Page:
In March 2012, I stood with three journalism students in Times Square, taking in the lights, color, and scope of humanity. We had flown in from Indiana for the College Media Advisers annual conference, and the trip to New York City was a new experience for all of us. Two of the students from the private, Catholic, women’s college in Indiana where I was teaching were traditional, on-campus students, approaching or just past their 20th birthdays.
The third student, Stephanie, was a year older than I, both of us in our late 30s. She was an online student, and until that weekend all our communication had been through email, discussion boards, Facebook, and the occasional phone call. She took a couple of classes at a time while working full-time as a massage therapist in Indianapolis—one of the 6.7 million students taking an online class, many of whom would have a hard time getting a degree without this option.
Online enrollment across all academic programs has steadily increased for the past decade, according to a recent study by the Babson Survey Research Group. Journalism programs began to embrace distance courses relatively recently. The University of Texas is the latest university to expand its massive open online courses, or moocs, to include media-related classes. But few journalism programs at established universities offer a fully online degree.
Stephanie, bright and unmarried, was surprised but thrilled to be invited on the New York trip. She says she had never considered a career in journalism until, at her graduation from a massage-therapy program, an instructor read aloud an essay Stephanie had written. She says she overheard someone in the audience say, “Stephanie should be a writer.”
But like many nontraditional students, Stephanie initially lacked confidence. She was especially self-conscious and shy about conducting interviews. She struggled to step outside her familiar social circles to find sources for her stories. Without face-to-face contact, I had little way of knowing whether her sources were close friends or relatives. I had shy students on campus, too, but with them I was able to give in-person pep talks and, in one case, even write a script for a telephone interview and sit beside the student as she conducted the interview to help her overcome her fears.
In the lights of Times Square, I saw Stephanie push through the crowds and embrace her adventure. Her biggest challenge that weekend, she told me, was a conference workshop that required her to approach strangers for man-on-the-street interviews. But she conquered her fear, and between sessions went on her own to shops and landmarks she had only seen on TV, hailed cabs, and rode the subway.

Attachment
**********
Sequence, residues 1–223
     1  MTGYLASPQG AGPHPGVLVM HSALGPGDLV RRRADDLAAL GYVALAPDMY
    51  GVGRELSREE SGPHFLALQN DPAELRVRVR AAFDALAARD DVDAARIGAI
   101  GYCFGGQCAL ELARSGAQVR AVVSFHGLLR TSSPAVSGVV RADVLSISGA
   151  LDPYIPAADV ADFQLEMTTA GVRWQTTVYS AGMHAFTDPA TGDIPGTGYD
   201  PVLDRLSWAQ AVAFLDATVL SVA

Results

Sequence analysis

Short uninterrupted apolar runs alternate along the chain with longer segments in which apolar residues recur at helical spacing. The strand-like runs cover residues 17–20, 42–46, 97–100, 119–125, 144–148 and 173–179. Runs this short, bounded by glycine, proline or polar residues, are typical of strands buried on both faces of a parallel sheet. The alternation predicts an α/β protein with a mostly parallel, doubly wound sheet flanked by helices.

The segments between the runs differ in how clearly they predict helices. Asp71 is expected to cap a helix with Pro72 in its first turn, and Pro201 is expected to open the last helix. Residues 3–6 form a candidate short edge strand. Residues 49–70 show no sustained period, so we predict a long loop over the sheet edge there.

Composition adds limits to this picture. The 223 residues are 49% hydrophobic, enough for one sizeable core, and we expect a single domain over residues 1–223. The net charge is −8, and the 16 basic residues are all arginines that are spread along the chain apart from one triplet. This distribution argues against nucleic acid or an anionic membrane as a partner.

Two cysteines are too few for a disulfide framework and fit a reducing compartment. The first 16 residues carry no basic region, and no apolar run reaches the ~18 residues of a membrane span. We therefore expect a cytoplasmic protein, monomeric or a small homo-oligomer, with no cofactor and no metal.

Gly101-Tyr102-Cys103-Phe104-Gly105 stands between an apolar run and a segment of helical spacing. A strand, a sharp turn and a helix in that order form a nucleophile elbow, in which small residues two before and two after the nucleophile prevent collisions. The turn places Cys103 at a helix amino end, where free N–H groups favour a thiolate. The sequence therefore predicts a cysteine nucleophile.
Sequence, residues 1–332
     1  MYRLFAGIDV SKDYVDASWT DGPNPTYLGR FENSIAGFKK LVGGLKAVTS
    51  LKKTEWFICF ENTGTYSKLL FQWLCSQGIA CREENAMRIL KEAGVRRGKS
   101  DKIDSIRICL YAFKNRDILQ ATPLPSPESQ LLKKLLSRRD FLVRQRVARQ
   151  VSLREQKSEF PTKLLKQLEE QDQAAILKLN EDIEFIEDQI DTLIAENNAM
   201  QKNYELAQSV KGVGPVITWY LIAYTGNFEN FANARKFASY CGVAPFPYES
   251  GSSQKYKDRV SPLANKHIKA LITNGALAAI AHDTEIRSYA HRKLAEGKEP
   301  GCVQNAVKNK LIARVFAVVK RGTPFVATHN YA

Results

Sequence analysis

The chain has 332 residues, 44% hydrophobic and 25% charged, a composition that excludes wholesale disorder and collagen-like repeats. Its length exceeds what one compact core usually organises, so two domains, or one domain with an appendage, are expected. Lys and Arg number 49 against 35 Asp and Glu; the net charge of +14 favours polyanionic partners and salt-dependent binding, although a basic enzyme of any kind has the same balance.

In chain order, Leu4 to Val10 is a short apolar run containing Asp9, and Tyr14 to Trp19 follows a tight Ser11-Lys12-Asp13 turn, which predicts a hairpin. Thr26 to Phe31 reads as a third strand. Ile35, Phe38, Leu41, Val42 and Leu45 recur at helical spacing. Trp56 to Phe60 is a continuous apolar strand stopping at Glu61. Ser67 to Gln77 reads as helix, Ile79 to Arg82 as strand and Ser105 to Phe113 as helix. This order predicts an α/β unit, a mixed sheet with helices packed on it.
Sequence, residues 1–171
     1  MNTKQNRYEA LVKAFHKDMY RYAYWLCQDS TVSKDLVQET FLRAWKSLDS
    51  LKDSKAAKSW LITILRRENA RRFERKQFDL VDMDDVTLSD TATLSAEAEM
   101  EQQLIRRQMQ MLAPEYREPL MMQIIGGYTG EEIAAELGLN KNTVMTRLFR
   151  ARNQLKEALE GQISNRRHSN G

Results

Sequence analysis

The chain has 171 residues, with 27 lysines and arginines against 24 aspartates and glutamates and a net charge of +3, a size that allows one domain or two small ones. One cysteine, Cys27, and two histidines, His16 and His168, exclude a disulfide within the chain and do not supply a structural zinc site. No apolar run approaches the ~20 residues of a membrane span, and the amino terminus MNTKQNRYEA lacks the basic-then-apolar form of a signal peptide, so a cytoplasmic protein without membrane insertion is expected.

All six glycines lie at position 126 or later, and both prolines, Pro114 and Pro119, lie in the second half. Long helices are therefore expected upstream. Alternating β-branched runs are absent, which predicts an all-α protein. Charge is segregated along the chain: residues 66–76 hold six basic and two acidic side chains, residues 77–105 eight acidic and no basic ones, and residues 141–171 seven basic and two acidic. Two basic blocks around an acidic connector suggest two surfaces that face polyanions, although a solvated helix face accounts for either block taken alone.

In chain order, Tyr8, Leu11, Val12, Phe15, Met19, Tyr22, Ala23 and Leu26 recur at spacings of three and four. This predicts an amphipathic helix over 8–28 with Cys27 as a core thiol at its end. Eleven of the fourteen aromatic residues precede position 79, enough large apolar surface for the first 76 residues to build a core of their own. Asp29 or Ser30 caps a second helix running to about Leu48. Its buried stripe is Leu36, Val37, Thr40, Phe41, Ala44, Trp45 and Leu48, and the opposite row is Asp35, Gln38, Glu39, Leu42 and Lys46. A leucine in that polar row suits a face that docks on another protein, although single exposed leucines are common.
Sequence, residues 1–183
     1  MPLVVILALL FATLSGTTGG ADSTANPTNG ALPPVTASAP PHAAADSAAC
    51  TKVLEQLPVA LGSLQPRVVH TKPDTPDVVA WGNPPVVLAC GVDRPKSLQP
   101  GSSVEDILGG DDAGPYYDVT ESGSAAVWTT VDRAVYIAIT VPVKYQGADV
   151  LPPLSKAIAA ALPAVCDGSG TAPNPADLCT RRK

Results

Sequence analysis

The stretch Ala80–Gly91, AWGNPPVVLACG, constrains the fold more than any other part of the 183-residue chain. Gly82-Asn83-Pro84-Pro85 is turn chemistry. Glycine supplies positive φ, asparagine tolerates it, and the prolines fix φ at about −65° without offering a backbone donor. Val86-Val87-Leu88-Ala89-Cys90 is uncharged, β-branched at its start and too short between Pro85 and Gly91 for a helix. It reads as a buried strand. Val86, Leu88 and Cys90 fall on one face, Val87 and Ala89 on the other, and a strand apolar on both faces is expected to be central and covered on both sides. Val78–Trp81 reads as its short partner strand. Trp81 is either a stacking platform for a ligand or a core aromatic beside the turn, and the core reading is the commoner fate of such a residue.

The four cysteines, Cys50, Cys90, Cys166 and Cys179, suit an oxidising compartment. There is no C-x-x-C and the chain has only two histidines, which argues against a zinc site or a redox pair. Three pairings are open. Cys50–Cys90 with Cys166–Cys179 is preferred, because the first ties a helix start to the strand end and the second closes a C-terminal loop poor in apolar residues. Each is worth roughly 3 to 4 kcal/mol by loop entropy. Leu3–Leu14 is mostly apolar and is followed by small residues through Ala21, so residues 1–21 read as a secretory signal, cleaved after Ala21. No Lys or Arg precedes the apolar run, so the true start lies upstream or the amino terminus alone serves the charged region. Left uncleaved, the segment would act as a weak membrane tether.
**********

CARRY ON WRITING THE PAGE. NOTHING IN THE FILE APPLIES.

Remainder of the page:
Getting to witness Stephanie’s coming-out party was a luxury for me. I had taught a combination of traditional and distance courses for two years at that point. I loved working with students like Stephanie, who balanced school with some combination of a career, children, spouses, aging parents, and countless other real-world stressors.
During graduate school at Indiana University, I had grown accustomed to teaching upper-middle-class students, full of confidence and often a sense of entitlement, some of whom even had ties to New York magazines or other media legacies. My Big Ten students were sought out for opportunities.
My distance students, on the other hand, had to make their own way. Recruiters did not seek them out, but they had so much to offer. The stories they wrote addressed financial problems and economic trends that often never occurred to my traditional students. One wrote about battered women and the many legal frustrations they face in seeking help, not from an outsider’s perspective, but as someone who had worked with battered women. A working mom reported on issues of transracial adoption, based on the experiences of neighbors who had adopted. And while most journalism students report on community events, meetings, and social issues in their coursework, few cover school board meetings from the perspective of a parent, or bring the experience of being a tax-paying homeowner to a city council meeting.